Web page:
Survey: Job Market’s Been Bad for Everybody—But Worse for the Less Affluent

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Over the last three years, households with incomes of $75,000 and up have experienced a dreary, often harsh employment landscape. In more than one-quarter of these households, someone has lost a job. In nearly half of such affluent households, at least one member of the family has seen his salary, benefits, or bonuses cut. The majority of people in this income bracket also say they’re “very” or “somewhat” concerned about the likelihood of more cuts in the next 12 months. Most disturbing of all: Poorer households have had an even worse run in the jobs market over the past few years.

Among the topics covered in the new TIME and Money magazine Americans’ Financial Values Survey is the state of employment. The data collected reinforce something you probably already know in your gut: The jobs market has been pretty darn ugly in recent years.

Only about one-half of households have been saved from having to deal with the repercussions of cuts in salaries, benefits, or bonuses. This goes for affluent and non-affluent homes alike: 48% of the general population, and 49% of people with household incomes of $75K and up, lives in a home where someone has been subjected to such a cut sometime since 2008.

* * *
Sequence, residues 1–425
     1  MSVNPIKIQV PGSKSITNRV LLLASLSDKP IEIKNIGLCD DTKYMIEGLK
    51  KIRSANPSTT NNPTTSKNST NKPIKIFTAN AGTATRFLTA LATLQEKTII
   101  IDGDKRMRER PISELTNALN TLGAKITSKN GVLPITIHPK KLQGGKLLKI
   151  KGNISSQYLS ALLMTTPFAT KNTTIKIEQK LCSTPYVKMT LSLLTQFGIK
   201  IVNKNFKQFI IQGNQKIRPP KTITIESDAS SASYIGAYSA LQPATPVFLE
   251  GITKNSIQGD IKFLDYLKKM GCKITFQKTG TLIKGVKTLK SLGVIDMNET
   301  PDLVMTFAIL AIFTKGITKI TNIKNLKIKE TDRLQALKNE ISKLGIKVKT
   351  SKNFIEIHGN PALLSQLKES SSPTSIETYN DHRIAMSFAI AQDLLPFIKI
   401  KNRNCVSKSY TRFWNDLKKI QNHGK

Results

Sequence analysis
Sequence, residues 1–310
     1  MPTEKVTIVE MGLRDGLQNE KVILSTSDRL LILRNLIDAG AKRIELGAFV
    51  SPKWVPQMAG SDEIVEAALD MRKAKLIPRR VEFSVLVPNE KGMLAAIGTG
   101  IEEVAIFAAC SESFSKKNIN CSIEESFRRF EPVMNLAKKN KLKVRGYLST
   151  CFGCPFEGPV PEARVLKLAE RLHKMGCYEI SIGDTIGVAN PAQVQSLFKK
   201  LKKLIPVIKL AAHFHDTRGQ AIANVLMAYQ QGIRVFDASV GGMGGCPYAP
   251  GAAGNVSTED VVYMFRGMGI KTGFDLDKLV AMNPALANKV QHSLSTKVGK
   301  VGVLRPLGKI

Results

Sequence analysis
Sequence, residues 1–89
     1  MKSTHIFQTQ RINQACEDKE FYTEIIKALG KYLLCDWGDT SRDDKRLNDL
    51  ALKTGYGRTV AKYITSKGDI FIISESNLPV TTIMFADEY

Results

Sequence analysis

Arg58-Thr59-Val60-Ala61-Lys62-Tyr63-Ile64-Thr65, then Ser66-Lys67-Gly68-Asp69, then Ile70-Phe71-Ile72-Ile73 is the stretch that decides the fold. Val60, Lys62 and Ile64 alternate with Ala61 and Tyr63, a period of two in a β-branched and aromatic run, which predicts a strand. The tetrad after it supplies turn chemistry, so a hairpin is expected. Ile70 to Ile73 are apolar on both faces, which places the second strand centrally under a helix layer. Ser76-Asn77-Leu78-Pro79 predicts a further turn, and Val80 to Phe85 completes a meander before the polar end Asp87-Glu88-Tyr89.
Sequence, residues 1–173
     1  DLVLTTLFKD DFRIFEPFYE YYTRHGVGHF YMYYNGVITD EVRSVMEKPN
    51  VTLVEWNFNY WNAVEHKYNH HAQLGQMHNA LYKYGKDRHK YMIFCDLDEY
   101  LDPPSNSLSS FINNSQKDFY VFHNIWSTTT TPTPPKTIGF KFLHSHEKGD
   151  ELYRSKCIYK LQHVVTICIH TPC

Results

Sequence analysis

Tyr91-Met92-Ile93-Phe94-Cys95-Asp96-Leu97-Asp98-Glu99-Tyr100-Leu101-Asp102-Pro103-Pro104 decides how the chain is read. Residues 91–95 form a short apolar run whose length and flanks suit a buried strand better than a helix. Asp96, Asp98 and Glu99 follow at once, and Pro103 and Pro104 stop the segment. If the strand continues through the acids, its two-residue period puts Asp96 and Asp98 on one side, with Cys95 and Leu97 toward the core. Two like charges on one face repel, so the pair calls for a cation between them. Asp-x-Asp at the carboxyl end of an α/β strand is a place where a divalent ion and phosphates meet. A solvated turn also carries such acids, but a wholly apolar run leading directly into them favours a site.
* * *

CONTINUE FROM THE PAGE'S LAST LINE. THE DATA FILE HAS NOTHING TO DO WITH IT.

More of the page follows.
(MORE: Americans Overwhelmingly Pessimistic About the Economy)

It’s the less affluent folks, however, who have been more likely to have straight-up lost a job. In 26% of $75K+ households, one or more individual has gotten laid off over the last three years. There’s been at least one layoff in nearly one-third (32%) of households earning less than $75K, meanwhile.

Relatively speaking, Americans are less panic-stricken about their jobs today: 22% of the general population say they’re “very concerned” about the prospects of cuts to salaries, benefits, or bonuses, compared to 30% in 2009. Even so, workers are clearly still worried: An equal number (54%) of both the affluent and the general population describe themselves as “very” or “somewhat” concerned about such cuts.

In such a stressful, unstable climate, it’s understandable that relatively few workers are game for testing the job market: Nearly two-thirds of all survey respondents (64%) say that they’d accept a pay cut in order to keep their job.

(MORE: Survey: The Frugal ‘New Normal’ Has Become the Norm)

Brad Tuttle is a reporter at TIME. Find him on Twitter at @bradrtuttle. You can also continue the discussion on TIME’s Facebook page and on Twitter at @TIME.

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